Speech Therapy Forum

 

Secret Square

  Secret Square

 

THIS GAME IS OUT OF PRINT.  HOWEVER, IF YOU ARE WORKING IN THE PUBLIC SCHOOL SETTING, THERE'S A GOOD CHANCE YOU WILL ALREADY HAVE THIS GAME IN YOUR SPEECH THERAPY ROOM.

 rule02

Objectives     [back to top]

Receptive Language

Students will answer “yes” and “no” questions.   Students will make predictions and draw conclusions from situational contexts.

Expressive Language

Students will generate “yes” and “no” questions to gain information about a given item or character.   Students will increase their ability to describe objects/pictures using at least 3 relevant attributes, such as category, special parts, functions, colors or shapes by their name.

Fluency

Students will use continuous phonation and phrasing and pausing at the sentence level.

rule02

Product Description     [back to top]

Secret Square is a lot of fun to play with one or two children or with a whole group.  This game is great for teaching children how to ask and answer questions but is also a fun way to introduce unfamiliar vocabulary words.  Secret Square can be played with children as young as 4 years of age since it uses many colorful pictures of common objects-the squares-as the basis for asking and answering the questions.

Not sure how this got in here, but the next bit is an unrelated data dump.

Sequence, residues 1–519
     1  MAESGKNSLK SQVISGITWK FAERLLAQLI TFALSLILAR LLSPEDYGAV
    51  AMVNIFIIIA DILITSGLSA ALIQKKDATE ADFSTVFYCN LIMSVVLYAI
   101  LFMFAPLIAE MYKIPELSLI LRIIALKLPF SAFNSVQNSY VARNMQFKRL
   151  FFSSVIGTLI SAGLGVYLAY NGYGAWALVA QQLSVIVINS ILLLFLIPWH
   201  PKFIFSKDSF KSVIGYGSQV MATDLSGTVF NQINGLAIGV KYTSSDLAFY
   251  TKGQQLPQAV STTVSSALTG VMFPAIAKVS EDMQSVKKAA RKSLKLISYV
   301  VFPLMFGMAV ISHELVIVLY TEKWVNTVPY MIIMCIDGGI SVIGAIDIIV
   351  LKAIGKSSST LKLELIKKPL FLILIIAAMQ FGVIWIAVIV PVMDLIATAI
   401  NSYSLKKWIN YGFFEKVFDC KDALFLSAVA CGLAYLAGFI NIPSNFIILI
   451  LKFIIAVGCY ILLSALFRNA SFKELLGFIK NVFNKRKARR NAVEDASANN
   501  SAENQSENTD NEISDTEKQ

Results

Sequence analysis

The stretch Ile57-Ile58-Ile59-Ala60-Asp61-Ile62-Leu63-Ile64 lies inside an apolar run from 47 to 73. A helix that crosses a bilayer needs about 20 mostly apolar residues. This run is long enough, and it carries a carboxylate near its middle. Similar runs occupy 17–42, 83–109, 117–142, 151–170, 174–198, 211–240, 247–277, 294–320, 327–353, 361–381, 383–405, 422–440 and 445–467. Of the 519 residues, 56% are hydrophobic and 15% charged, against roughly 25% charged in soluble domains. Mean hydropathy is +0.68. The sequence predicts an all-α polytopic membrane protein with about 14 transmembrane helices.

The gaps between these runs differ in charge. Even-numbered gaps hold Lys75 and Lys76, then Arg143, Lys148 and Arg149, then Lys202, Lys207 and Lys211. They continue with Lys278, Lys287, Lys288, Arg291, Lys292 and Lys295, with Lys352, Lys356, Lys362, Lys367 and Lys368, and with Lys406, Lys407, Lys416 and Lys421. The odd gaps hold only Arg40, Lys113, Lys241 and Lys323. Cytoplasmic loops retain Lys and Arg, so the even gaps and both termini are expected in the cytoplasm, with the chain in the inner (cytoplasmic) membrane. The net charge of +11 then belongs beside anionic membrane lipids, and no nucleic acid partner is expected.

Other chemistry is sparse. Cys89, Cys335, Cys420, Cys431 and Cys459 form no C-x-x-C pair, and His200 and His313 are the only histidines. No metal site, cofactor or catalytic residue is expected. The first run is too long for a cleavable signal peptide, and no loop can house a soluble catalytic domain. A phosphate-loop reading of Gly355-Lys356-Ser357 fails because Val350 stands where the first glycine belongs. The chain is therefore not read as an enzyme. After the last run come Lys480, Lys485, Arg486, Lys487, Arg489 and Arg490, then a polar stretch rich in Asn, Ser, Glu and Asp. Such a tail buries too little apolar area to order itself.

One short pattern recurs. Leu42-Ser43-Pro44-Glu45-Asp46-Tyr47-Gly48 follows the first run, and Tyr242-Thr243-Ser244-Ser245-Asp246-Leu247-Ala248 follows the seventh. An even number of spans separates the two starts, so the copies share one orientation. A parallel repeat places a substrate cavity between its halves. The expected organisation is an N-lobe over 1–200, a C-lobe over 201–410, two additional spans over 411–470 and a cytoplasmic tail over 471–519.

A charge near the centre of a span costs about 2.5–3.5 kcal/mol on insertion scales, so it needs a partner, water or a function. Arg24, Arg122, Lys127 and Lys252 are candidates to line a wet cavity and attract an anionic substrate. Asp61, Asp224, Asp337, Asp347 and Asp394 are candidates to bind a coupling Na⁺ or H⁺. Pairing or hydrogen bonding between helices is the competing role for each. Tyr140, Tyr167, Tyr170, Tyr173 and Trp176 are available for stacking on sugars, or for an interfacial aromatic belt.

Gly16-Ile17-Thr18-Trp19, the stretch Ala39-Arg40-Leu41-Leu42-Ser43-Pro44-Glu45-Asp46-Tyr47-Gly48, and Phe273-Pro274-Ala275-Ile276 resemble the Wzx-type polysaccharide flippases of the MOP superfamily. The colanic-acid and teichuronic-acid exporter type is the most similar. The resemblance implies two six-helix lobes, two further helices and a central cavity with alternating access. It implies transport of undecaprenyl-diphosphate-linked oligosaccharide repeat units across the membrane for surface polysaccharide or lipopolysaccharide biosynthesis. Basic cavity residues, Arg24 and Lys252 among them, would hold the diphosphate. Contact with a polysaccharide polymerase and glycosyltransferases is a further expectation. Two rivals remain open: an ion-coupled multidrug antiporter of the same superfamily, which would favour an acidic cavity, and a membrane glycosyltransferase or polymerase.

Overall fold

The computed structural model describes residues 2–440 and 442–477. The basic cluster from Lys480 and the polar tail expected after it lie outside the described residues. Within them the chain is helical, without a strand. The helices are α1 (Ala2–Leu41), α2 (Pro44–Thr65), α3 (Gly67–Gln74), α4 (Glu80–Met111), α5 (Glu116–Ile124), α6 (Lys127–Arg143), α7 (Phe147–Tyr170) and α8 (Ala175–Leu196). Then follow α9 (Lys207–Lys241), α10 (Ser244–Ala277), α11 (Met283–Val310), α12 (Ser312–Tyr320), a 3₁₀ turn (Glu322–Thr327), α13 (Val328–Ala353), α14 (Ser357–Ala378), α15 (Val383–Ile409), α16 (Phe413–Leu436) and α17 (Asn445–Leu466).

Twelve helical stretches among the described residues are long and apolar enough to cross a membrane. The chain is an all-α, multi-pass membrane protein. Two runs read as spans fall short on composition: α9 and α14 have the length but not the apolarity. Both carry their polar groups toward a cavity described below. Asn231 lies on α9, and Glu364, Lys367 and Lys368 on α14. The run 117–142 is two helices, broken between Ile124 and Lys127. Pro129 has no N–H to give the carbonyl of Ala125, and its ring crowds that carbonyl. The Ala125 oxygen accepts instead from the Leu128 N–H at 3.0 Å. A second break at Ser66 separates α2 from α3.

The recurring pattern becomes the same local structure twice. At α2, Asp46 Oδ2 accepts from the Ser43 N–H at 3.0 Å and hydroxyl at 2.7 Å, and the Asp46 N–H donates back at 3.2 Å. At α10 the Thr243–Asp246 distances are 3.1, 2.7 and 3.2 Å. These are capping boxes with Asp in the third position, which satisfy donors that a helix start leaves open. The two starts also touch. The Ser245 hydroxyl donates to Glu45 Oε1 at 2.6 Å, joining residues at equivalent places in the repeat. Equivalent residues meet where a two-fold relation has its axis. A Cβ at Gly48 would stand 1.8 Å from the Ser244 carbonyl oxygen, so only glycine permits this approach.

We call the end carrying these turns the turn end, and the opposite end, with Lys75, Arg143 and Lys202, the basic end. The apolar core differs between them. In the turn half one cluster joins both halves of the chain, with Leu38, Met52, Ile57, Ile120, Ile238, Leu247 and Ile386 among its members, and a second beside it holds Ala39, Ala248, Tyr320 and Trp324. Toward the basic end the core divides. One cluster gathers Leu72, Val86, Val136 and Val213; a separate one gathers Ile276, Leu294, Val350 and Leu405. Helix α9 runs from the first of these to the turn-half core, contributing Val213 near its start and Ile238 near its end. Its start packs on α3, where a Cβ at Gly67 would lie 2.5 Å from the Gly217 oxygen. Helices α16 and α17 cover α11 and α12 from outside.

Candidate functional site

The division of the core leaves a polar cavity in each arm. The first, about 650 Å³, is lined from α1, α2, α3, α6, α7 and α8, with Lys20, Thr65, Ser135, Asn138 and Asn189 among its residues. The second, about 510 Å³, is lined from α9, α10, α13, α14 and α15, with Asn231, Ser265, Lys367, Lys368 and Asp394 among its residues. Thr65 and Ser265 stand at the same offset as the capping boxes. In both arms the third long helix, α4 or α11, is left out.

Pictured objects include animals, tools, plants, foods, clothes, vehicles, silverware, and dishes.  This game is also great for enhancing deductive reasoning skills.

rule02

Therapy in Action     [back to top]

Choose 25 picture squares and arrange them in 5 X 5 rows to form a large square.  The youngest child then secretly hides a chip under one of the squares.  Once the chip is successfully hidden, the other children take turns asking “yes/no” questions to try to find the location of the chip.   Children may ask questions like: “Is it an animal?  Is it red?  Does it have wheels?  Do you eat it?” or “Does it fly?” as they try to find the chip.

 

With each question asked, squares are removed from the playing area, getting the players closer to finding the “secret” square.*  The player who is able to correctly guess the location of the secret square first is the winner of the round.

 

To work on describing, have a student hide a chip under the item they are going to describe.  The first student to guess the correct picture is the winner of the point.

 

 

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